Y2 Reflection: On Leaving 525 East Houston Street

Ayla Safran, ‘15

When I started at BHSEC back in 2011, I expected it to be difficult but rewarding — that’s what everyone had told me. I knew I would face challenges, but I didn’t quite know what they would be. Still, I felt ready. As soon as we did our first sharing in writing and thinking, though, that feeling vanished. Who were these smart, eloquent, talented people? There was no way they were all fewer than three years older than me – they seemed like intelligent, well-educated adults. I was extremely intimidated, and when my parents asked me how my first day of high school was, the most positive answer I could give was a shrug.

For the next few weeks (or to be honest, months), I wandered through the halls continuing to be intimidated, not only by the grown-up looking Y2s, but by the kids in my grade as well. I didn’t know what clubs to join, or what Dean’s Hour lectures I could get away with skipping, and I didn’t know what people were talking about when they made references to the SAC or the CTO.

By the time that tenth grade rolled around, I was beginning to feel like I’d been at BHSEC forever. Almost everything was familiar, from the annoyingly tiny toilets to the strict no-eating policy in the library. The little changes – like the renovation of the girls’ changing room, the silent periods in the library, or the renaming of the “Bardvark Hall” – seemed like major shifts, but they gave everyone something to talk about. Otherwise, things were pretty much the same. The work was still hard, the teachers still had trouble coordinating during midterms week, but best of all, there were new ninth graders, so I didn’t feel like the youngest or smallest any more. Plus, I had a free period besides lunch, which felt like a miracle (now I can’t imagine having that many periods of class each week!). My tenth grade teachers were pretty erratic (from a chemistry teacher who ended up getting fired to a math teacher who was constantly being yelled at by his students), but I knew the lay of the land, and I boasted to my non-BHSEC friends about how I would be done with Regents at the end of the year.

I came into school in September 2013 ready to be in the mysterious “college-program.” I wanted to learn about the elusive world of seminar and humanities electives, and I was excited to call myself a Year 1. Little did I realize, being a “college” student meant having to deal with thinking about real college, in addition to the workload from classes. My schedule was even more full than in previous years, and my teachers consistently reminded me that now I was a “college” student, so they expected more from me. (I couldn’t help but think, how much more do I have to give?!)

Let me tell all of you underclassmen something: the “college program” isn’t all it’s built up to be. Sure, you get to choose some of your classes (if add/drop works in your favor) and you get to go in the CTO, but it is not the same as actually being in college, and no four-year colleges see it that way. Unless you end up going to one of the relatively few colleges that see our credits as up to their standards, be prepared for a full four (or at least three) years more of “college.”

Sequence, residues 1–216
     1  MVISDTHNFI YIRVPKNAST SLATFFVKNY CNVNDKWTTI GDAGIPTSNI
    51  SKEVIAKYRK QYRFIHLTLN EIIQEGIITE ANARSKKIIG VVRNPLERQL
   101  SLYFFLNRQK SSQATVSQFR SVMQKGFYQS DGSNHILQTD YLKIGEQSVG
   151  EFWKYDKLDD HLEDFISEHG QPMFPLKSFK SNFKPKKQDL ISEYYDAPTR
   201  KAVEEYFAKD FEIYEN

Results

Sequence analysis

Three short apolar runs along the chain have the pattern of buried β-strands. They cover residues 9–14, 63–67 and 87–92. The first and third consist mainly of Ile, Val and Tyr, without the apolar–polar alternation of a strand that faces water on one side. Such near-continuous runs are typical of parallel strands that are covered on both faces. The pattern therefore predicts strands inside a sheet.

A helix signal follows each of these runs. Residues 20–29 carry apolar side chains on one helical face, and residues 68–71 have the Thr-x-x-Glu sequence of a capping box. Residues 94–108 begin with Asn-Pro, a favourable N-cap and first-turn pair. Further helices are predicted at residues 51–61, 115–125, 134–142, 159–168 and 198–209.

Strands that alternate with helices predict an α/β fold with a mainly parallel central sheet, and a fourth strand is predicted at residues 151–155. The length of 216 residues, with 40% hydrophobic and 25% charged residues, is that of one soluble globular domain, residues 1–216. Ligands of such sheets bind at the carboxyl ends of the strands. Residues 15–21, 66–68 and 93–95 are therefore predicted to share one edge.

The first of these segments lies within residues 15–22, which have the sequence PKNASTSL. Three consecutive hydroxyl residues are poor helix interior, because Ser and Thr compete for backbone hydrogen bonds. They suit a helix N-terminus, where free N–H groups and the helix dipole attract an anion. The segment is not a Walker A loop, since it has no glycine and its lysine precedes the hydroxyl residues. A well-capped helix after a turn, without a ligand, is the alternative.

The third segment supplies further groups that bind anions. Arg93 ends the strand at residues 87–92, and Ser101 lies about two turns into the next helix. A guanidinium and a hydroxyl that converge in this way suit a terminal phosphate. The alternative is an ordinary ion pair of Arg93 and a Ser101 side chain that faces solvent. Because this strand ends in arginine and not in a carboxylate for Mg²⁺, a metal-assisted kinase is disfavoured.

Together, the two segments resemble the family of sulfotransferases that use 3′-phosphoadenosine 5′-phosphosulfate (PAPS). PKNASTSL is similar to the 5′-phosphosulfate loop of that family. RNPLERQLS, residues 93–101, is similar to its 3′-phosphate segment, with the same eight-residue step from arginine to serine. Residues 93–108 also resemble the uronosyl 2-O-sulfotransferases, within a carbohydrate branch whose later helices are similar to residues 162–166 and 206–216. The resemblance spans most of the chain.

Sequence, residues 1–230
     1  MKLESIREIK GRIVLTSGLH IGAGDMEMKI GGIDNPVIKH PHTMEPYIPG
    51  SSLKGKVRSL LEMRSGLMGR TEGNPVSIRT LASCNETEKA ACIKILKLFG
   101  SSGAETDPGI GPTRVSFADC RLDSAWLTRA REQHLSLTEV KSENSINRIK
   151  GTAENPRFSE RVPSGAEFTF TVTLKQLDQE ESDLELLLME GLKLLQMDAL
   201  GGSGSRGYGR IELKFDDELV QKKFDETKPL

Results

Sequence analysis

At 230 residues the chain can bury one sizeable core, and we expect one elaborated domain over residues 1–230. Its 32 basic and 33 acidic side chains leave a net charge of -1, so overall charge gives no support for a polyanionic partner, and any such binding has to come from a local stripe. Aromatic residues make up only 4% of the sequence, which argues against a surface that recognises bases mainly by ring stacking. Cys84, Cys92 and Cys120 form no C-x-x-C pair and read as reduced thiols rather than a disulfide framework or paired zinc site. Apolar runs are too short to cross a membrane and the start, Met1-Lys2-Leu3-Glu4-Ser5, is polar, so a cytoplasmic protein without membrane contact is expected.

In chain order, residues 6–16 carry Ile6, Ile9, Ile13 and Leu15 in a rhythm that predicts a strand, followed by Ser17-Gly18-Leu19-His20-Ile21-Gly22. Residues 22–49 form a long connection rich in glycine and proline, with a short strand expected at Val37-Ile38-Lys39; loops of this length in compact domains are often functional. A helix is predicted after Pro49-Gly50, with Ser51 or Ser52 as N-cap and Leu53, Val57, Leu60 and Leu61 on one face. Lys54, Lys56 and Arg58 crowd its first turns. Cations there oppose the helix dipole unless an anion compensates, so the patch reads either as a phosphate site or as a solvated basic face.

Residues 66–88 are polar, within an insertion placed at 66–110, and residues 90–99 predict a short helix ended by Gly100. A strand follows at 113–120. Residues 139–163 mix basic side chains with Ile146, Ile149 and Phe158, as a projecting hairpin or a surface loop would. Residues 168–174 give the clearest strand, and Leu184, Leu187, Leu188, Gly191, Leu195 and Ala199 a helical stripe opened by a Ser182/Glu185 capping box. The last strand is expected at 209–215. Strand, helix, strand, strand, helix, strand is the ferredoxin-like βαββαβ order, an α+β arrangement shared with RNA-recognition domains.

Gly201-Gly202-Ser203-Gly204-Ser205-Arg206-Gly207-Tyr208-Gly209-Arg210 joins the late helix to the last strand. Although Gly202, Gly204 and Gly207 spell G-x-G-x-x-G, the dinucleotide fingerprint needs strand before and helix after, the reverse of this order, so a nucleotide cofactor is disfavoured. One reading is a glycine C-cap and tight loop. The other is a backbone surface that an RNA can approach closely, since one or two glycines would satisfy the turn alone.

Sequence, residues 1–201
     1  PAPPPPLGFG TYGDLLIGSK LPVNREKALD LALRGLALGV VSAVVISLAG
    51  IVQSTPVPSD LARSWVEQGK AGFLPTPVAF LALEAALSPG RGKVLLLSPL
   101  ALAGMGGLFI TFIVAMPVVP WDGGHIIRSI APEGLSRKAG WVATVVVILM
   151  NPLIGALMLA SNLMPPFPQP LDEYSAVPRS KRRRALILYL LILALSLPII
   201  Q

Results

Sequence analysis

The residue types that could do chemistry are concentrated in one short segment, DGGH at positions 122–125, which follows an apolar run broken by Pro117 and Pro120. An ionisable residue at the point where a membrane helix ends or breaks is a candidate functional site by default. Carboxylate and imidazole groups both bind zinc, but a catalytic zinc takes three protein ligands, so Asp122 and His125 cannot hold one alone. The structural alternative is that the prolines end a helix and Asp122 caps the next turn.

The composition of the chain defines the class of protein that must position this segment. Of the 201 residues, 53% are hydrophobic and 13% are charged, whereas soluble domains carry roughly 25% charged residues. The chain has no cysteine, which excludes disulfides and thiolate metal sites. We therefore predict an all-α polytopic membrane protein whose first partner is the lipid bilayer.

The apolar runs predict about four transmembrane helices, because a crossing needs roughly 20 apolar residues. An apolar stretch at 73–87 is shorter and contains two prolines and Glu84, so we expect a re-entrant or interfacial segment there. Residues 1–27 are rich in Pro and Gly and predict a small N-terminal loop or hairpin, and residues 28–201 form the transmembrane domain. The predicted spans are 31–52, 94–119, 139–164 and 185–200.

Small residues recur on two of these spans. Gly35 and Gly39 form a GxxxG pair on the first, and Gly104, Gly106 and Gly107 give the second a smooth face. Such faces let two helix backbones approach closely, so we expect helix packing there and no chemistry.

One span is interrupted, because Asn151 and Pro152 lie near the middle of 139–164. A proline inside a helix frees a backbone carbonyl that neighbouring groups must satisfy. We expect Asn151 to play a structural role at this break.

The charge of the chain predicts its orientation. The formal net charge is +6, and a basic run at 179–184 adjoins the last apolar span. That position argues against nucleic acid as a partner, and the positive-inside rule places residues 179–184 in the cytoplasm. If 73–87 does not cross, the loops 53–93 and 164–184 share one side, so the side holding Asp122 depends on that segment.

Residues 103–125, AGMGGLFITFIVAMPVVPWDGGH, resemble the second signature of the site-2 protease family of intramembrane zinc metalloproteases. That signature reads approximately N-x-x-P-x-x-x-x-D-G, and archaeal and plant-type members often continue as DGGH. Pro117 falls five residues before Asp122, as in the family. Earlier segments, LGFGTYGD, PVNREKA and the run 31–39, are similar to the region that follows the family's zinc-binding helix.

But that doesn’t mean the college program isn’t wonderful. If, or hopefully when, you do get to take the classes you’re really interested in, it’s wonderful! Rather than simply fulfilling DOE requirements, you break free of a core curriculum and take fun and interesting electives (make sure you get advice from upperclassmen about which ones are right for you, though!). Plus, you get to learn if that’s what you want, and discover if maybe, you need the structure. And the teachers are wonderful, supportive, and understanding. Go to them about anything; scratch that, go to them about everything, because they’re really there for you, and they do sometimes know how to help.

To be honest, though, I spent most of my time in the college program thinking about what to do for college applications, rather than for me, which is something I really regret. The truth is, if you haven’t already heard it from other Year 2s, the college admissions process is unbearably arbitrary, and it really doesn’t matter if you get those extra 50 points on the SAT or if you take Calculus when you don’t want to. I wish I’d realized sooner that high school is a time to have fun, and enjoy being in the city, not just to work hard and stress out about college. At BHSEC, we all tend to get lots of work, procrastinate, talk to each other about how much work we have, and then procrastinate some more before finally getting it done (even when we say we just won’t do it). And sometimes, that work is really important, but sometimes enjoying the weekend or getting a good night of sleep is just as important.

I know that I’m looking forward to college, but I’m also really looking forward to the rest of the school year. And yes, I have an Inquiry Project to write and a Symposium Day presentation to prepare for and lots of other typical BHSEC tasks to complete, but I also have about a month left to spend sitting on the field, listening to Ms. Schultz’s playlist during yoga, watching presentations in all of my classes of the amazing, inspiring work that my classmates have done (because we’re those smart, intimidating Year 2s now!), and paying attention to the little things about BHSEC that I know I’ll miss next year. I’m excited for prom and our graduations (because only here do we have two of them), but I’m also sad to be leaving behind the place where I’ve (mostly gladly) spent the last four years of my life, the place that has shaped me into the person I am today.


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